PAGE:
AMAZING GRAZING~~~~~~~ Cannellini Beans with Sausage


I’m not sure why I planted all these small Japanese boxwoods around the birdbath. I saw them in an English garden and thought they would lend an air of civility to my casual backyard. The only thing they added was frequent trimming to keep them round. This meant lying on the ground with clippers and scooting along on hands and knees and bottom to keep them even. Then the struggle to get back up, and of course, the cleanup. It wasn’t long before the newness wore off, and I convinced Dr. A. to replace the brick in the patio, which he had removed to plant them in the first place. When our lives become busy with many things, it’s time to simplify.

The heart warming dinner we had last night is as simple as you can get, and simply delicious. The choice of sausage is up to you. Italian sausages come in three strengths of spicy. A friend of mine bought a sausage stuffing attachment for his processor, and turns out some amazing sausages. I have been told a grandfather of mine whom I never met, was a sausage maker in Grants Pass, Oregon, where he was the only butcher. I promise myself now and then to make some of my own. Maybe I got the sausage gene.

Sausage and beans


Remove the skin from about three Italian sausages, crumble them and brown in large pan with about 1 Tbs. olive oil. While that is browning, wash and slice the leaves of a couple pounds of Swiss Chard and cook for about 15 minutes till tender, then drain.
Heat 1/4 cup olive oil and add 4 cloves garlic sliced thin, cook until sizzling and add one Tbs. tomato paste and a pinch of pepperoncino, or to taste, depending upon how tough your tastebuds are. Pour in one cup of crushed tomatoes (San Marzano is best, crushed with your hands). Mix in with the sausage and stir well.
Bring to a boil and spill in three cans of drained cannellini beans. Season well with salt and pepper. Add drained chard and cook rapidly over high heat. Cook for a couple of minutes to reduce the liquid, tossing over and over. As the juices thicken, drizzle a couple more tablespoons of olive oil.

(This is also very good without the sausage if you would like to make it vegetarian.



My friend’s father in Coberg, Germany, bought a new and quite expensive Borsalino hat of which he was inordinately proud. Each week, after a large and satisfying dinner with his family, he ventured out for a short walk through the town to join his friends at the local Inn for a game of whist and a pint or two. Ludwig was the owner of a factory which made fountain pens, and as such he belonged to one of the Guilds in the town, to which all the local businesses were linked.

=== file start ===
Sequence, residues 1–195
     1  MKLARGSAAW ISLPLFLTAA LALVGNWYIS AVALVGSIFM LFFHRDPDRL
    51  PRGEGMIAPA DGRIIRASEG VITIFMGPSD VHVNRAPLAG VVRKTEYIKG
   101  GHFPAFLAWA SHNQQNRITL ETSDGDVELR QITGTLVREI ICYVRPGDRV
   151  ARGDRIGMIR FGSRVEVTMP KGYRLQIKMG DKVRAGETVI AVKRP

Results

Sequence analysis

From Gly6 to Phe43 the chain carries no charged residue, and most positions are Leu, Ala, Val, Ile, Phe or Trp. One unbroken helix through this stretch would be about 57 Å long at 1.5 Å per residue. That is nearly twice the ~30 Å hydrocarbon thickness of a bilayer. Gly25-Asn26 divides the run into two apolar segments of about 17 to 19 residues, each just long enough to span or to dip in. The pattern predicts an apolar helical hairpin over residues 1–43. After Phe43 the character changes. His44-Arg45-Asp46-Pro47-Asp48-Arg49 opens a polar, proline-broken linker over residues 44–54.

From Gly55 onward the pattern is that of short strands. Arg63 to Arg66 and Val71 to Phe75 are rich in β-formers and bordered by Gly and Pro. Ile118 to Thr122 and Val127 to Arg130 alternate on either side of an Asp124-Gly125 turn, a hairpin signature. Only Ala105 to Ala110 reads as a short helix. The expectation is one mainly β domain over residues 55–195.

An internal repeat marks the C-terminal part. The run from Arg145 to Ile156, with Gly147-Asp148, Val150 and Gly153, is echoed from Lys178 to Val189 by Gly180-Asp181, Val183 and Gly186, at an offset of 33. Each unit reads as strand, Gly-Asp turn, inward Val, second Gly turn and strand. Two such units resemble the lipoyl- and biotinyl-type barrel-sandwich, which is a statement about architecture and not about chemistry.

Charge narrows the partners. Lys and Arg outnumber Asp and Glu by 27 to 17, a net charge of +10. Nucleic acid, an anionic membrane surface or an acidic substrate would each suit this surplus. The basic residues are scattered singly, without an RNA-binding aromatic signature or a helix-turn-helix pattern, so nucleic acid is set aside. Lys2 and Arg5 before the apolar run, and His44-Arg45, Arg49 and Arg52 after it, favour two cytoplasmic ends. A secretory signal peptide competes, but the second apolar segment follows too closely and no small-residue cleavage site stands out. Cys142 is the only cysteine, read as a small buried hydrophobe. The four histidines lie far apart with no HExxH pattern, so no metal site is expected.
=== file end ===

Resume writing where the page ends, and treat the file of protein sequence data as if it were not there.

His friend Bruno Hauptmann, was the butcher, and was a large burly man with coarse grey untidy hair and an impressive mustache. His substantial midsection strained against his tweed jacket, his face was round and ruddy with an enlarged nose, revealing that he was no stranger to the bottle.

Little Hans Cremer was the shoemaker in town, and was the exact opposite of Bruno. Short and thin, he sported a thin mustache, and a balding head. His suit seemed too large for him, and though of good quality, he seemed to be always rumpled and in a hurry, speaking rapidly, as if he couldn’t wait to get the words out.

The baker, Claus Meier, a large and jolly man, forever bestowing good humor along with his bakery goods, was given to practical jokes, and on their weekly visits, invariably rushed in late, full of local gossip, and after a quick pat on the bottom of the barmaid, settled down for an evening of cards and fun. The four had been friends for many years and all looked forward to their weekly visits.

On the night in question. Ludwig took out his new Borsalino hat, placed it carefully upon his head, and after surveying himself in the hall mirror, he tweaked his mustache, gave a small satisfied smile at himself, and set out along the street to the Inn. The hat had cost a great deal of money, and Ludwig was a vain man, who had waited some time to flaunt his prosperity to his friends.

All the men were successful in their businesses, and all could well afford a Borsalino hat as well, but none seemed as prone to ostentation as Ludwig, who upon arriving at the Inn, carefully and noisily placed his new hat on a nearby hook.

Later, when Ludwig rose to visit the men’s room, Claus quickly whispered to the others that “since he was proud as a peacock” it would be amusing to cut a hole in the front of Ludwig’s hat and see his reaction. When Ludwig returned, the three cohorts were sipping their pints and talking quietly among themselves.

Ludwig being the first to leave, stood, placed his new hat upon his head once more, said his goodbyes and walked away. His friends were amazed that he had not noticed the hole in his new hat, but assumed that he would notice it when he arrived home. Lauging heartily, they drained their glasses, rose and retreived their own headgear. Claus gave the barmaid another pat on the bottom, and picked up his hat only to find that he had cut the hole in his own Borsalino!

Meanwhile, Ludwig had many years of enjoyment from wearing his new hat, and was none the wiser for the practical joke which backfired.